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Is Bipolar Disorder Overdiagnosed? --
on Zimmerman and colleagues' 2008 study 
(written 8/2008) 

Summary:  if you stick to the DSM-IV diagnostic rules, some patients now being considered possibly "bipolar" are indeed "over-diagnosed".  Dr. Zimmerman also found a 30% underdiagnosis rate, and an 86% accuracy rate for bipolar diagnosis overall -- by my calculations below.  Still, we're asking the wrong question, with all this over- versus under-diagnosis talk.  We should be asking "how bipolar are you?" and using a different system to characterize the answer, which includes but goes well beyond the DSM-IV: namely, the Bipolarity Index.  In my opinion....

Page Outline:


Overdiagnosis?

A recent research study found that over half a group of patients who had been told they had bipolar disorder did not meet official standards for that diagnosis. This result was announced widely, including in the Los Angeles Times (May 7, 2008):

Bipolar Disorder Overdiagnosed?
Study Shows Many People Who Are Told They Have the Disorder Don't Meet Standard Criteria

That's odd.  Until recently, most research seemed to show that bipolar disorder was underdiagnosed, not over-diagnosed.

Here's what Zimmerman and colleagues found (and published).  Seven-hundred psychiatric outpatients were asked if they'd ever been told they had bipolar disorder. All 700 also met with a trained interviewer who used a well-respected tool called the Structured Clinical Interview for Diagnosis (SCID), which applies the offical rules for diagnosis in a systematic way. The SCID was used as the standard for determining whether a patient really had bipolar disorder, or not.  The results that got all the press are shown below.

 

SCID Diagnosis
BP DX
BP
Not BP
Total
Yes
63
82
145
No

 

 

 

Total

 

 

 

As you can see, many patients who'd been told they had bipolar disorder did not actually have it, according to the SCID: 82 of them, versus 63 where the SCID diagnosis confirmed what the patient had been told. Over half of the patients had been "overdiagnosed" with bipolar disorder, was the conclusion.

Also found underdiagnosis

Not reported in the press was the next finding, though this was fairly presented in the research team's paper:

 

SCID Diagnosis
BP DX
BP
Not BP
Total
Yes
63
82
145
No
27

 

 

Total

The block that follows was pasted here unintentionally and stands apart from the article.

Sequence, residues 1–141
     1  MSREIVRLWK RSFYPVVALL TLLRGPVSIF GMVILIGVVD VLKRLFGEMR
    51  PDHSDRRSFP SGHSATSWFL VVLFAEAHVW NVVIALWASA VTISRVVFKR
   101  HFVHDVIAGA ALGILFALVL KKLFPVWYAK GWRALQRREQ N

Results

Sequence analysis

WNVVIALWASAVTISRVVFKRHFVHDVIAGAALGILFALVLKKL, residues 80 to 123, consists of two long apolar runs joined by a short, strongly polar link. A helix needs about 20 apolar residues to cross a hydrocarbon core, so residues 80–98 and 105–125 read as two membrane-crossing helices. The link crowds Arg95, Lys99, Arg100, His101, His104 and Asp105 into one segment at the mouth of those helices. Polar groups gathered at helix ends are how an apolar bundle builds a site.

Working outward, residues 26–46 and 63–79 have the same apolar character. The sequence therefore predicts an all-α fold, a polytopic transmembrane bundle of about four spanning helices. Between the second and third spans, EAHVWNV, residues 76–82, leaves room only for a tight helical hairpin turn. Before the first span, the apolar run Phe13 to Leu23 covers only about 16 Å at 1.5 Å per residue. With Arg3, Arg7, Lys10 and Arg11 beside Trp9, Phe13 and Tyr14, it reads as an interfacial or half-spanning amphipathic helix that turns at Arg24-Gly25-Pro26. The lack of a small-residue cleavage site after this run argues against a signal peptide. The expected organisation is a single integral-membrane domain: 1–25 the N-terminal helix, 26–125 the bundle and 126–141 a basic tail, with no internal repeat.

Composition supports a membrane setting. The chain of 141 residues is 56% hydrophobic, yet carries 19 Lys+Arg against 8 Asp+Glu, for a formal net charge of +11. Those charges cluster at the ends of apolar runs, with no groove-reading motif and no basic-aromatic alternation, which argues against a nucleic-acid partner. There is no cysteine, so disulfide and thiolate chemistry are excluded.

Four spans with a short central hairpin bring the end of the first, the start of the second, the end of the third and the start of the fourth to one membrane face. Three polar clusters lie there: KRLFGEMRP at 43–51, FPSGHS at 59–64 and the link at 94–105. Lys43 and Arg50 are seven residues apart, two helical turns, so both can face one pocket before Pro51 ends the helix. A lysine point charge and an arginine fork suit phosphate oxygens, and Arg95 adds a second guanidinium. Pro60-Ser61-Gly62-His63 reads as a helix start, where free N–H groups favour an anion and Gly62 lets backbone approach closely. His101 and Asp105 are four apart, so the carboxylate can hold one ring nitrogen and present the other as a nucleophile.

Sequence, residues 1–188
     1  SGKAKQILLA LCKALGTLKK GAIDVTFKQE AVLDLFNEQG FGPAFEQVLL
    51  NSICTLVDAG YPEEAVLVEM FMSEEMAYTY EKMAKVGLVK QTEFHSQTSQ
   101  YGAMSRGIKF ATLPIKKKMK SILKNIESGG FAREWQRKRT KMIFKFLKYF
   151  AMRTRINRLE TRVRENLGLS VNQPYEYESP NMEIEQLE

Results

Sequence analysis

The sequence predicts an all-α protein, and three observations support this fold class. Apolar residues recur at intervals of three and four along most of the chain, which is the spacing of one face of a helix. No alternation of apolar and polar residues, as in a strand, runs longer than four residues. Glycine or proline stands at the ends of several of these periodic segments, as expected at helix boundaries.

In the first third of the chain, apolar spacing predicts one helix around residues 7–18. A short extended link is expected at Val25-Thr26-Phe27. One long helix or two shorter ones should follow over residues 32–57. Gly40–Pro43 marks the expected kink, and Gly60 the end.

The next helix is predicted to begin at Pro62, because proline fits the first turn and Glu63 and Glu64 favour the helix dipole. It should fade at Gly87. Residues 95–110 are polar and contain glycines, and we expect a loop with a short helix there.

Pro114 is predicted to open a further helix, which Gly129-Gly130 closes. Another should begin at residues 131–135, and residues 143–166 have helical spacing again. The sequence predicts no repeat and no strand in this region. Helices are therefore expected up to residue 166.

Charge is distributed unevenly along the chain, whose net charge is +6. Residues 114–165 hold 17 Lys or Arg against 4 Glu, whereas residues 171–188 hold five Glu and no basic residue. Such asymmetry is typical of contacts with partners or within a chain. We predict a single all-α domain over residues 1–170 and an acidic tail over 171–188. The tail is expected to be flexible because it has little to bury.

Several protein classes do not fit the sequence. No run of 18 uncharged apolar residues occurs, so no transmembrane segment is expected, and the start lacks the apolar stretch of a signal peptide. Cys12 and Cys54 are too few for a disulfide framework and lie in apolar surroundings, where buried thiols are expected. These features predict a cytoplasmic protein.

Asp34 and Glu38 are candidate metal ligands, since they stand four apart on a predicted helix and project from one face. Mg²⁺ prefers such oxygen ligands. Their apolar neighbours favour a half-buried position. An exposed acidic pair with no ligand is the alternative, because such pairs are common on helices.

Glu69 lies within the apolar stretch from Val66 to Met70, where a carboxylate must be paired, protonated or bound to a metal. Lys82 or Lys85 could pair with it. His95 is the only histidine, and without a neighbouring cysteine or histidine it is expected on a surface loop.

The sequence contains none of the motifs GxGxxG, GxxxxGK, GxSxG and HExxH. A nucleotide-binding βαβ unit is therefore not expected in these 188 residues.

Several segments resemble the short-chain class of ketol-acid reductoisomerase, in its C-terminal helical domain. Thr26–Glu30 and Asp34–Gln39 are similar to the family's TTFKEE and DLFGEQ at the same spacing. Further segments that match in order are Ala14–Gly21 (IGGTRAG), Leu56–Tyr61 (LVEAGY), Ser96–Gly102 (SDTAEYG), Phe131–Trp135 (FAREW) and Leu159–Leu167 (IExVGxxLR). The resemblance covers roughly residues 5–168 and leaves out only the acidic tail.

90

 

 

Here we see the percentage of patients who were accurately detected as having bipolar disorder.  Of all those who -- according to the SCID -- did indeed have bipolar disorder, only 70% (63 out of 90) had been told they had that diagnosis. Thirty percent were missed. 

Overall, reasonably accurate?

Finally, one can look at the folks who don't have bipolar disorder as an entire group, to get an idea of what percentage of these folks were incorrectly diagnosed as having bipolar disorder.  For that, look at the numbers in red below:

 

SCID Diagnosis
BP DX
BP
Not BP
Total
Yes
63
82
145
No
27

528

 

Total
90

   610

 

Here we find that the "false positive" rate, of incorrectly calling people "bipolar", was 14% (82 out of 610).  The clinic where these patients are served is correctly recognizing 84% of patients as "not bipolar".  This is far from perfect, but it is in the range of some lab tests used in other areas of medicine.

Over- or under-diagnosis? Wrong question

The real problem is, we're asking the wrong question. The term "overdiagnosis" itself strongly suggests that bipolar disorder is a thing, that you either have or do not have.  Granted, that is how our DSM diagnosis system works, but it was never intended to imply that bipolar disorder is a thing. Evidence increasingly shows that mood problems are caused by many factors (a leading researcher recently stated that there might be as many as 100 risk factors for mood disorders, of which one might need only 5 or so to produce symptoms. In other words, there are many, many different variations possible. No wonder a given treatment can work so well in one person with bipolar disorder, and not at all for someone else).

By contrast, at Harvard's mood clinic, they ask a different question: "how bipolar are you? how much bipolarity do you have?"  I think that's the direction we ought be pursuing. How many bipolar factors do you need to have before antidepressants are so unlikely to work, or so likely to cause significant problems, that you should start with a different treatment instead? Diagnosis should move toward the way they're now doing it at Harvard, using the Bipolarity Index